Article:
Military rosters cite the names and cities from throughout the U.S. where the Six Triple Eight enlisted in the Army, but there is no mention of the unit’s cultural and ethnic diversity. Looking at the various skin tones of the women in the archival photographs, and reviewing the surnames in the troop roster, I surmised that there were probably biracial women in the unit who identified as Negro or colored for various reasons. A plausible explanation for the ethnic identification as Negro could be attributed to the “One Drop Rule.” This rule stated that that a person with any trace of Black African ancestry (however small or invisible) cannot be considered white.

After speaking with Six Triple Eight family members, we now know about two women in the Six Triple Eight who also identified as Hispanic or Afro-Latina.

Lydia Esther Thornton

Corporal Lydia Esther Thornton, WWII Army photo. Courtesy: Thornton-Moore Family

While filming the 2019 Six Triple Eight documentary, Lydia Thornton’s daughters, Alva Moore Stevenson and Rosenda Moore provided insights about why their mother, an Afro-Mexican woman opted to join a segregated WAC unit. The Thorntons were one of several Afro-Mexican families in Nogales, Arizona. Within their community, many African American servicemen were assigned to the 9th and 10th Calvary at nearby Camp Stephen D. Little and later Fort Huachuca, Arizona. Several of these men married Mexican women. Although he was not in the military, Lydia’s father also fell in love and married a Mexican woman.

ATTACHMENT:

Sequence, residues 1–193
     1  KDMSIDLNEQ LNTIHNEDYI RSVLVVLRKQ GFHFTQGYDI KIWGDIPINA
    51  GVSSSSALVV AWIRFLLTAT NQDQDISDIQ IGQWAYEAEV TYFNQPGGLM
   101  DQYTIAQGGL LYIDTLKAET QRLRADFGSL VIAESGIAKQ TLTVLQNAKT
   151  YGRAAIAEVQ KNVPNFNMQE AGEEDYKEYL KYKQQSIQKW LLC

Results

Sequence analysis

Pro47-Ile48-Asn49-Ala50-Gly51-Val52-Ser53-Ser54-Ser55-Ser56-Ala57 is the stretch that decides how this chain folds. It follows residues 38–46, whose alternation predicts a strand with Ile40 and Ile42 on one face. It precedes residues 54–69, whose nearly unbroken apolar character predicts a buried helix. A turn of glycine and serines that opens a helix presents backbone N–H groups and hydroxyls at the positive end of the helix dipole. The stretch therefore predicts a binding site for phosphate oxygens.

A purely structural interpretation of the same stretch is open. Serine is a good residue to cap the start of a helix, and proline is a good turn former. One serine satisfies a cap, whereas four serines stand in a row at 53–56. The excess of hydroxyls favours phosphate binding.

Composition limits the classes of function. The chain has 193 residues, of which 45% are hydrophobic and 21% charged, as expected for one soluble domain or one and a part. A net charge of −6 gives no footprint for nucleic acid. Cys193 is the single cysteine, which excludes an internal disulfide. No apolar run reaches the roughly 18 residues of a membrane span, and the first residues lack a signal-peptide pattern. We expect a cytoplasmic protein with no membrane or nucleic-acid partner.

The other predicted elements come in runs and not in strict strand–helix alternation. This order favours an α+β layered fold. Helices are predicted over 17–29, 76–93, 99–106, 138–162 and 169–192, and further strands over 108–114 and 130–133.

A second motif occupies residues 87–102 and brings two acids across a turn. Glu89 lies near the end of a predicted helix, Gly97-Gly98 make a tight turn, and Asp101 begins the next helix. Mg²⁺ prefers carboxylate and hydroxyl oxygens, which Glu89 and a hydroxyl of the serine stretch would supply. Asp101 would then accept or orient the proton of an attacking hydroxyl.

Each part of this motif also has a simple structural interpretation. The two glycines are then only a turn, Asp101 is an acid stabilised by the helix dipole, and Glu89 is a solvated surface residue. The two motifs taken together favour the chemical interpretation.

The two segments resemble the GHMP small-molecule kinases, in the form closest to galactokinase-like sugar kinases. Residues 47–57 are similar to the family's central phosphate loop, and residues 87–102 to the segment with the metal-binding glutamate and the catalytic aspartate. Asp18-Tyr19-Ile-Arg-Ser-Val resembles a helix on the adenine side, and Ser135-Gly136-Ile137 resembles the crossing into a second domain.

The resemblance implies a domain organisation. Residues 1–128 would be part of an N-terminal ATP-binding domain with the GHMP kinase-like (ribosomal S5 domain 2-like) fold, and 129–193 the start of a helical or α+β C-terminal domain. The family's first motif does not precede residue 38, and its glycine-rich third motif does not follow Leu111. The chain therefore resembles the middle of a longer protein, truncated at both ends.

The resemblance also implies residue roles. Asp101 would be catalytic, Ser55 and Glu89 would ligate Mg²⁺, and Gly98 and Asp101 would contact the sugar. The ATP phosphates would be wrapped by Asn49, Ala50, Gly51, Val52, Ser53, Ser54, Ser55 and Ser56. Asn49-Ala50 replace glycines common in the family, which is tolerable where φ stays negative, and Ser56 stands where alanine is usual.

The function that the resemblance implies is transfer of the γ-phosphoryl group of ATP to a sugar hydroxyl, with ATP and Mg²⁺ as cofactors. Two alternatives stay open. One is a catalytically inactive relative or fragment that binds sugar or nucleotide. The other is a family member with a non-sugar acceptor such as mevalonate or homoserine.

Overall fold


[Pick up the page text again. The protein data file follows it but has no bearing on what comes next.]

Lydia was born on February 19, 1922, in Nogales, Arizona to Daniel and Trancito Perez de Ruiz Thornton and was the third eldest daughter of 10 children. Her father, Daniel Thornton was an African American who worked as postal carrier for the U.S. Postal Service and later as a caretaker of the Nogales City Cemetery. Trancito, her mother, was a housewife and became a minister in the El Mesias Methodist Church in Nogales.

Lydia attended the segregated Grand Avenue/Frank Reed School and Nogales High School.

Her brother, Corporal Daniel Thornton, was assigned to the 25th Infantry in WWII. Sometime between 1942–43, he received a bayonet injury in the Battle of Guadalcanal, returned home, and died in 1946. On April 18, 1943, at the age of 19, and as a response to her brother’s injury, Lydia enlisted in the Army from Phoenix, Arizona. As a native Spanish speaker and perhaps due to her skin tone, the Army gave her the choice to join either the White or Black WAC unit. Rather than have the privileges and freedom of working with the White WACs, she chose the Black unit that would be later known as the Six Triple Eight.